Institute for Justice and Democracy in Haiti

Half-Hour for Haiti : Celebrate Freedom Thoughtfully

July 3, 2007
Half-Hour for Haiti: Celebrate Freedom ThoughtfullyUpdate:  Thanks to everyone who called Congress last month to urge the closing of the School of the Americas/WHINSEC. You were in good company: SOA Watch reports that “tens of thousands of emails, faxes and calls flooded the halls of Congress,” and 203 members of the House of Representatives voted to defund the school- an unprecedented level of support. Unfortunately 214 of their colleagues decided to continue funding. Losing this battle is a disappointment, but this was by far the closest vote yet- changing 6 votes would change the outcome, while last year’s margin was 15. The fight to close WHINSEC is riding the prevailing tide, as U.S. voters are increasingly calling for accountability for their government’s actions overseas. There will be more efforts, and we will let you know about them.The US Social Forum was a success- Haiti was featured in 4 workshops and a movie. We’ve had several requests for audio or video recording of the From Thomas Jefferson to George Bush: 203 Years of Keeping Haiti Down,” workshop. It was taped, we hope to have it available soon.

This week’s alert:  The July 4 holiday in the U.S. is a great time to celebrate 231 years of freedom in the U.S., and the contributions that the U.S. has made to freedom in other countries. But it is also an opportunity to reflect on the limitations on this freedom- in our treatment both of our own compatriots and our global neighbors.

Frederick Douglass saw both sides of the U.S. commitment to freedom, as a slave and as a freed man and prominent intellectual. He also saw both sides of U.S. foreign policy, as the U.S. Minister and Consul General in Haiti, charged with carrying out that policy, and as a sympathetic observer of events in the country.

Mr. Douglass’ famous account of those two sides, delivered to the Chicago World’s Fair on January 2, 1893, eloquently recounted the contributions Haiti made to liberty for the African diaspora, for the United States and for the whole world. With equal eloquence he described how despite these contributions we have not yet forgiven Haiti for being black or forgiven the Almighty for making her black.” Douglass cited the examples of mistreatment of Haitians in the U.S., distorted and discriminatory treatment of Haiti in our media, U.S. government efforts to undermine Haiti’s governments and economic violence imposed from the U.S.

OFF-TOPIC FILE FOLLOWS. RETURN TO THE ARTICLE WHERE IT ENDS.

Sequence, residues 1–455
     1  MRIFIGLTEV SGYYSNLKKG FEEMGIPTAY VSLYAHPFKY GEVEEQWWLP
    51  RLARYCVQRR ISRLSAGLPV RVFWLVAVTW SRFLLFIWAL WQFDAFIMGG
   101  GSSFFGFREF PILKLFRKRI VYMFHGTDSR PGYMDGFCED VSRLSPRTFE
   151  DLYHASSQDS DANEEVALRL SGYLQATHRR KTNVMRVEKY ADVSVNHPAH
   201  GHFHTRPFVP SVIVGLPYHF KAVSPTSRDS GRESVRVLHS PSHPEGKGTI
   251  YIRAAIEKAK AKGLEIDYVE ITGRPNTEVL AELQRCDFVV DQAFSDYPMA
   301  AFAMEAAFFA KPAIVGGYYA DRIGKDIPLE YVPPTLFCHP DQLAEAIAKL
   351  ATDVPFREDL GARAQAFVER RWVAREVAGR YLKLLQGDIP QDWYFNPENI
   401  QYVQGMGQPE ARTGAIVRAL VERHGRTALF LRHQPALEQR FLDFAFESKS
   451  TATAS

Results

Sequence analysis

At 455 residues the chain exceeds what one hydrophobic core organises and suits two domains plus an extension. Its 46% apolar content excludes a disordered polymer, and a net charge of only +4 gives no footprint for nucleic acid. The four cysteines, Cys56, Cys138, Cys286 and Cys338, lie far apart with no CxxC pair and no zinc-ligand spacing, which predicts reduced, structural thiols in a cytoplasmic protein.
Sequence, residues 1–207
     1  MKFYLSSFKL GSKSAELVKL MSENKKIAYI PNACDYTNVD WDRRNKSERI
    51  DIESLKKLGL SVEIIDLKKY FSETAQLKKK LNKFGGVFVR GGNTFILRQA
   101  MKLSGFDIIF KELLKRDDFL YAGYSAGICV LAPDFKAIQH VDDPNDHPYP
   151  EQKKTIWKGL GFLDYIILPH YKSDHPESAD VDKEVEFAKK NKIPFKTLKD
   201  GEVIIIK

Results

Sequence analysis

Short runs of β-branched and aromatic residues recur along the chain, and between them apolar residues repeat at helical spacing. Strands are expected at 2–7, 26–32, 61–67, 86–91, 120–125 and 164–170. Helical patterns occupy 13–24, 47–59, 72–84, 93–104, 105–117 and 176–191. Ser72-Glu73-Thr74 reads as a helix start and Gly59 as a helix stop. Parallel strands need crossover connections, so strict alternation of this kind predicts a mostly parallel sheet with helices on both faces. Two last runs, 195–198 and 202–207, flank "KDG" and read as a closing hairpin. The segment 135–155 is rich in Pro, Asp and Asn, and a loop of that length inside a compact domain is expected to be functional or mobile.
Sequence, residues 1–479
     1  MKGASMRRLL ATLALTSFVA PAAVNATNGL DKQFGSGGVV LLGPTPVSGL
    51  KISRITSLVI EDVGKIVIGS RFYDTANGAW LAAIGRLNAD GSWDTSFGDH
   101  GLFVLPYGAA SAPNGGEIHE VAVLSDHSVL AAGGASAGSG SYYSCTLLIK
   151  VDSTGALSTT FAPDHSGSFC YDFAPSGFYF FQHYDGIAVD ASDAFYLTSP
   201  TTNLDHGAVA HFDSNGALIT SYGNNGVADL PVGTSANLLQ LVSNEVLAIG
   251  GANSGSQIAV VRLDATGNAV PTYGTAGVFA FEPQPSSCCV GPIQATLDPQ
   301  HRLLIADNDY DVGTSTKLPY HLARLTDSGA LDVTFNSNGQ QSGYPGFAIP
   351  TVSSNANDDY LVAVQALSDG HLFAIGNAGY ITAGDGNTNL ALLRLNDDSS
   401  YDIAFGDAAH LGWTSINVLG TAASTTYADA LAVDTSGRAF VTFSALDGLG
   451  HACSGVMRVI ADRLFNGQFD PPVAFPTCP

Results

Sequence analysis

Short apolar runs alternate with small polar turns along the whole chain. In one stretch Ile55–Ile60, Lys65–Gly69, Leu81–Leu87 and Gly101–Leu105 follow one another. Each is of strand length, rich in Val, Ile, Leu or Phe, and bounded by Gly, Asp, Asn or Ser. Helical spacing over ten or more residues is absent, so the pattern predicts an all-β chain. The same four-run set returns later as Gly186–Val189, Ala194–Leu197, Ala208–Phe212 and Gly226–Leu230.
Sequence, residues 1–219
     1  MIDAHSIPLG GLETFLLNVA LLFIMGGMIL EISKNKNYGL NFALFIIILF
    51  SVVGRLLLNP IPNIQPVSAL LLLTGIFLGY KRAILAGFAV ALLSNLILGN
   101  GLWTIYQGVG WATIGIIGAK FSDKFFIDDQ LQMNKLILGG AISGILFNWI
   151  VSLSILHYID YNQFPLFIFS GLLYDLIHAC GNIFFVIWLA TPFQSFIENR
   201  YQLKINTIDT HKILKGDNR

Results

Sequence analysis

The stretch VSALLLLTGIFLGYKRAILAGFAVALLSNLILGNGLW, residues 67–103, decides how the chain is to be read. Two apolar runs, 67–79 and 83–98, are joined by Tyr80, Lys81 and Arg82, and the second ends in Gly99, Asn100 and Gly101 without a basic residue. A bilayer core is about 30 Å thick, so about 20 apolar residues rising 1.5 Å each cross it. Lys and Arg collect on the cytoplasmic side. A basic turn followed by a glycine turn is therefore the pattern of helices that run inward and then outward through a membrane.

Douglass’ critique is all too valid 114 years later. The U.S. government continues to discriminate against Haitians in the U.S., as exemplified by the disparate treatment given to Cubans and Haitians arriving in Miami. The mainstream media coverage of Haiti privileges the perspectives of international observers and Haitian elites, and ignores the views of the majority of Haitians who are poor. The U.S. government actively undermined and overthrew Haiti’s elected government in February 2004, and continues to intervene in the country to suppress grassroots democracy. Through trade policy, international financial institutions and “foreign aid,” the U.S. maintains a lethally unequal economic structure that leaves the majority of Haitians struggling to survive on less than a dollar a day.

This week’s action is to read Mr. Douglass’ speech, at http://haitiforever.com/windowsonhaiti/fdouglass1.shtml, or at the Haiti Justiceblog.  Please let us know what you think of the speech by posting a comment on the blog.
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For more information about the Half-Hour for Haiti Program, the Institute for Justice & Democracy in Haiti, or human rights in Haiti, see http://www.HaitiJustice.org. To receive Half-Hour for Haiti Action Alerts once every other  week, send an email to HalfHour4Haiti@ijdh.org.

 

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